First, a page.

Home NEWS Local News First Lady launches strategy to plant 500 million trees by 2032

First Lady launches strategy to plant 500 million trees by 2032

The First Lady, Mama Rachel Ruto, has officially launched the First Lady’s Landscape and Ecosystem Restoration Strategy and implementation plan for growing 500 million trees.

The strategy will fast-track the actualization of the vision by the President, to grow 15 billion trees by the year 2032.

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The implementation plan incorporates women, youth and learners. It advocates for green financing to bridge funding gaps in restoration activities, incorporates agroforestry, promotes green jobs and nature-based enterprises, and encourages women and youth to participate in the green and circular economies.

The testing and validation process of the strategy has seen approximately 3 Million trees grown in forests and in learning institutions. Additionally, The First Lady has adopted 200 hectares (500 acres) at Kakamega Forest in Shikusa Block for restoration.

This adoption laid the groundwork for similar adoptions by spouses of County Governors and Members of Parliament across the country, with the technical support from the Office of The First Lady and the Kenya Forest Service.

Mama Rachel Ruto urged all like-minded stakeholders to form a united front in support of Kenya’s tree-growing efforts.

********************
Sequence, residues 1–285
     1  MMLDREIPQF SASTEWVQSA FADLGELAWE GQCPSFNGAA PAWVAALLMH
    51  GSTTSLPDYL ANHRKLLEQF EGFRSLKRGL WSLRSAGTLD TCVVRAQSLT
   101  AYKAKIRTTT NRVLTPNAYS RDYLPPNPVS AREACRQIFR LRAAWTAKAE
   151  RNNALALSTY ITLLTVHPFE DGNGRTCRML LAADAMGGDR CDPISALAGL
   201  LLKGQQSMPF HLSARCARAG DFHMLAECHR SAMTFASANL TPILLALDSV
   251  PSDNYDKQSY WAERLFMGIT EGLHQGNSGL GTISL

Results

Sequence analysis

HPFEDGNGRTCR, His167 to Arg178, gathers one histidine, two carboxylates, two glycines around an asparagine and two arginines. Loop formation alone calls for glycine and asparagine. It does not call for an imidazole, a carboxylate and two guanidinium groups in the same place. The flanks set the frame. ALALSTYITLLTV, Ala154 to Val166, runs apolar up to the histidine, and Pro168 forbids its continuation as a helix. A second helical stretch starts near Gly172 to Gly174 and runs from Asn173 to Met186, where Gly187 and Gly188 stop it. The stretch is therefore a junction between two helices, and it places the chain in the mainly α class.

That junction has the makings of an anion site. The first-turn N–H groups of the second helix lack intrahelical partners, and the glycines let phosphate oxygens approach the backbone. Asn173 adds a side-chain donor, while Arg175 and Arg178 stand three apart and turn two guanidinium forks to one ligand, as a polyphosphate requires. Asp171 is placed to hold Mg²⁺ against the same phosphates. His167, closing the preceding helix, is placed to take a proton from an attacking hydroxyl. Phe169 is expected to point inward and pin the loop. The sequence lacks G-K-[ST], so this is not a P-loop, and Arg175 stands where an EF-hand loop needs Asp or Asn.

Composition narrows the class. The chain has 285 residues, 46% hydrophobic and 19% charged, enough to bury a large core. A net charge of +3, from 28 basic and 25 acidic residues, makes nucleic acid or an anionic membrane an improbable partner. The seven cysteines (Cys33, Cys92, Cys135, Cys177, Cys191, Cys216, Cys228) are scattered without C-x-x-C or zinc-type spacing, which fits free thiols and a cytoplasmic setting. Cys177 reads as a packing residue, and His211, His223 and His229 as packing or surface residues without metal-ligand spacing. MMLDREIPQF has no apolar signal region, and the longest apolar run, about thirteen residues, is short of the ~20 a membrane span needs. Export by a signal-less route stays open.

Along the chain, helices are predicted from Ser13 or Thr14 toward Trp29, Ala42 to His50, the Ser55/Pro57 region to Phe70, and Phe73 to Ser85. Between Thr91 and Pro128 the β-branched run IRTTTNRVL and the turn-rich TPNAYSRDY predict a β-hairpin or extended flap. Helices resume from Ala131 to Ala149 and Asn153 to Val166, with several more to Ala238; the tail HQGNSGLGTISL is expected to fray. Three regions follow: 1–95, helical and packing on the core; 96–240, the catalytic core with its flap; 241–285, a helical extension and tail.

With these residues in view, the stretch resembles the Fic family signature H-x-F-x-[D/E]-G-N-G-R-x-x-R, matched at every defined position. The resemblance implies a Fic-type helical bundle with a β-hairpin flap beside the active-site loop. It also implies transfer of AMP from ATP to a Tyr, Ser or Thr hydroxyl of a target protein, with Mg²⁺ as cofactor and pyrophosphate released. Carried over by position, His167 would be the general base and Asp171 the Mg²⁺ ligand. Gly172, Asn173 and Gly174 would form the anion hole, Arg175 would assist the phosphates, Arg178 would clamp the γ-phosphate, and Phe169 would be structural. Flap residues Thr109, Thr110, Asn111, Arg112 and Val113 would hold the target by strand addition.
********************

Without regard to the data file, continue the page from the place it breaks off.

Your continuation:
Connecting with like-minded organisations and individuals strengthens our impact and fosters a shared vision for a sustainable future.

By joining hands, we can amplify our impact on a national scale, maximise resources, leverage the strengths of our partners, and create a domino effect that propels us towards our ambitious goal of growing 500 million trees.

Cabinet Secretary, Ministry of Environment, Climate Change, and Forestry Soipan Tuya lauded the initiative’s contribution to regulating global temperatures through the sequestration of greenhouse gas (GHG) emissions.

The Kenya Kwanza Government’s Bottom-Up Economic Transformation Agenda (BETA) is further prioritising the growing of fruit trees and woodlots on farmlands and in institutions such as schools, colleges, and universities, with a target of having 30pc of the 15 billion trees as fruit trees that can lead to improved nutritional and food security, create employment, and spur social-economic development.

Other guests present included Leila Benali, President of UNEA; Inger Andersen, Executive Director, United Nations Environmental Programme (UNEP); Gitonga Mugambi, Principal Secretary, State Department for Forestry; and Alex Lemarkoko, Chief Conservator of Forests, Kenya Forest Service.

 

 

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